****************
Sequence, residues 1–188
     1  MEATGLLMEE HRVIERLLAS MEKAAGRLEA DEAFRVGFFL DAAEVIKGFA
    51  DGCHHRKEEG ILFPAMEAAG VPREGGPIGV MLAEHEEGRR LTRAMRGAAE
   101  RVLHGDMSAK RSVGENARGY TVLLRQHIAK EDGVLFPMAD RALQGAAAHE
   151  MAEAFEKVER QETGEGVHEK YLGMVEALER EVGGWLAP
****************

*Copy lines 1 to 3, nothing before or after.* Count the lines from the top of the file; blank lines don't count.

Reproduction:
Sequence, residues 1–188
     1  MEATGLLMEE HRVIERLLAS MEKAAGRLEA DEAFRVGFFL DAAEVIKGFA
    51  DGCHHRKEEG ILFPAMEAAG VPREGGPIGV MLAEHEEGRR LTRAMRGAAE